Mumbai: In the first two months of 2022, India recorded 333,966 tuberculosis (TB) cases across the country, about 20% fewer than the number recorded in the first two months of 2020, according to the health ministry's Nikshay platform. This drop was not because of a reduction in the number of people suffering from TB but because of a drop in case notifications, as officially reporting cases to the government is called.

On-time testing for and diagnosing tuberculosis--a treatable bacterial disease--is important, as it can save lives, and stop the disease from spreading further. Recording TB cases to the government means that India's National TB Elimination Programme (NTEP) can track patients, ensure that they complete treatment and even provide free drugs. Incomplete TB treatment can mean a patient could deteriorate, infect others or develop drug-resistant TB.

TB cases recorded with the government are lower than the estimated number of cases in the country. In 2020, India had an estimated 2.5 million cases of TB and 500,000 deaths from the disease.

Each year until 2019, when recorded cases reached 2.4 million, more and more TB cases were being reported to the government. In the first two months of 2020, India recorded 5% more cases than the first two months of 2019. Despite this, TB cases notified in 2020 overall fell by 25%, to 1.8 million, because of the Covid-19 pandemic and the national and state lockdowns, data show. During the national lockdown of 2020, 46% fewer cases were reported compared to the same duration in 2019.

"Increased focus on Covid in the healthcare centres and low mobility to access testing and diagnostics facilities [such as the TrueNat test] contributed to the low notifications," said Pavitra Mohan, secretary and co-founder of Basic Healthcare Services, a non-profit working primarily in southern Rajasthan. "At the same time, there was a shortage of food and increasing malnutrition," he said, which reduces immunity and increases the risk of TB infection.

More cases reported from private facilities

TB is a notifiable disease, which means all patients whether treated in the public or private sector have to be reported to the government. Notified patients can avail the NTEP's Direct Benefit Transfer Scheme for free treatment.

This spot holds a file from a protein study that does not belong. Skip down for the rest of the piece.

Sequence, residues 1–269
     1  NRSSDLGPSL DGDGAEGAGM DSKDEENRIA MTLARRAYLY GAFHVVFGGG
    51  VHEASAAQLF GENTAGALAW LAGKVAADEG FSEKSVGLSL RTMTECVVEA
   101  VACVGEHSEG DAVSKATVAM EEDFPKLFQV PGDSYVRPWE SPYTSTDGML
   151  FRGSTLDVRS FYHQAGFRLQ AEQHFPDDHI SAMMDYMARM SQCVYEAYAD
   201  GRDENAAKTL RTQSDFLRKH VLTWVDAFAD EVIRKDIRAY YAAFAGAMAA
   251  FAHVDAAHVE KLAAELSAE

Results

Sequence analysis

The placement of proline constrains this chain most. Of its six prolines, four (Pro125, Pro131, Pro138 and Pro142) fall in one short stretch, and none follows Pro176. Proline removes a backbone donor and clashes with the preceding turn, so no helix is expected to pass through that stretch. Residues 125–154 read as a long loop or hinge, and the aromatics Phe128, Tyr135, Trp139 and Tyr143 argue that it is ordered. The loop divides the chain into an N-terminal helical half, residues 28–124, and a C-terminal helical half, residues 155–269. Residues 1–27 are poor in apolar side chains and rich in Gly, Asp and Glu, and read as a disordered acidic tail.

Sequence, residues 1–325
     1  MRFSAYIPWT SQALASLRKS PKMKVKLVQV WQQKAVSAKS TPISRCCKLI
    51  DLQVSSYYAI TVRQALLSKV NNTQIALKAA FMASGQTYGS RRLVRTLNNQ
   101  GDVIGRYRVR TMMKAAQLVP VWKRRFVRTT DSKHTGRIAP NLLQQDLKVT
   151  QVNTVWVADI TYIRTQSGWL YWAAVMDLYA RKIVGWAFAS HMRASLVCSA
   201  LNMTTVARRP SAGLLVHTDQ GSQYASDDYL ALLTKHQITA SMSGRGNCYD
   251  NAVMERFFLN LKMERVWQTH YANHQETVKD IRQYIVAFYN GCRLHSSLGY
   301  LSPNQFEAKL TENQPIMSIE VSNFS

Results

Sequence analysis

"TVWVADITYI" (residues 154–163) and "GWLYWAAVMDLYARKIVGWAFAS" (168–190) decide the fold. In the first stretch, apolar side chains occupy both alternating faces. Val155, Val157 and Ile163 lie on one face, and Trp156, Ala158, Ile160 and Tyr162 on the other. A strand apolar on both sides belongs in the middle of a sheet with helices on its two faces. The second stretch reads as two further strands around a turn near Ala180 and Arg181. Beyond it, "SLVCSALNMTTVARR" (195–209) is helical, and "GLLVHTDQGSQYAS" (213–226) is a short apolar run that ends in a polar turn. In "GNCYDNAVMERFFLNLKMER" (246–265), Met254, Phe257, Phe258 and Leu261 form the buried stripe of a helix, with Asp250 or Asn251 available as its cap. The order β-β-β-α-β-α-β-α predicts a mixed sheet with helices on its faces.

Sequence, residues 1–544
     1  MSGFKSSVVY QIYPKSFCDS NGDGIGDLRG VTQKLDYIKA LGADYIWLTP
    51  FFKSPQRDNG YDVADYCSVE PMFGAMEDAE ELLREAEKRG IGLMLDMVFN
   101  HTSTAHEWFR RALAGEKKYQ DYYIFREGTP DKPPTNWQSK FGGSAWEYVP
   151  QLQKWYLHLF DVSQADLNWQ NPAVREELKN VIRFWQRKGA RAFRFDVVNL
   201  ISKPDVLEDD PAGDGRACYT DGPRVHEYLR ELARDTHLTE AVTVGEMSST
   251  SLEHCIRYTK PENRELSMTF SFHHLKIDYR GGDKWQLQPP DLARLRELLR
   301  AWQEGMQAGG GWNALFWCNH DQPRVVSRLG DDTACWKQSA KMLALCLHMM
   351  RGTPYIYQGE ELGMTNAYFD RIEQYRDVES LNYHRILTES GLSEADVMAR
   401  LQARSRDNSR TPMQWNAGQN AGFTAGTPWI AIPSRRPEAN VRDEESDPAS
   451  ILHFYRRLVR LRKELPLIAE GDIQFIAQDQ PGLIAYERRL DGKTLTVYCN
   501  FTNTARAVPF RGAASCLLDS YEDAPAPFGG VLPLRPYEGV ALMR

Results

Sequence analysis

In 2016, the NTEP piloted a programme to increase private sector notifications, and have since taken more such steps, such as the Joint Effort for Elimination of Tuberculosis. The JEET project focuses on working with private facilities including individual providers and diagnostic centres and supporting, enabling and training them for TB care, as well as incentivising physicians and patients to complete TB treatment, said Sanjay Sarin, head of FIND India, a global alliance for diagnostics. "We also link up patients to public healthcare providers if they are unable to afford testing or treatment in private facilities."

Between 2017 and 2021, the number of notifications from the private sector have more than doubled. In 2017, less than one in five notifications were from the private sector. In 2021, this increased to nearly one in three.

Between March and June of both 2020 and 2021, when lockdowns had been implemented across most states due to Covid-19, both private and public sector notifications for TB dropped. But in all of 2021, more TB cases from the private sector were reported, as compared to 2019.

Five states--Uttar Pradesh, Maharashtra, Madhya Pradesh, Rajasthan and Gujarat--contribute to more than half of the TB cases reported in the country. While all five states saw a similar drop in public and private notifications because of Covid-19, the gap between cases reported by the public and private sectors has reduced in Maharashtra.

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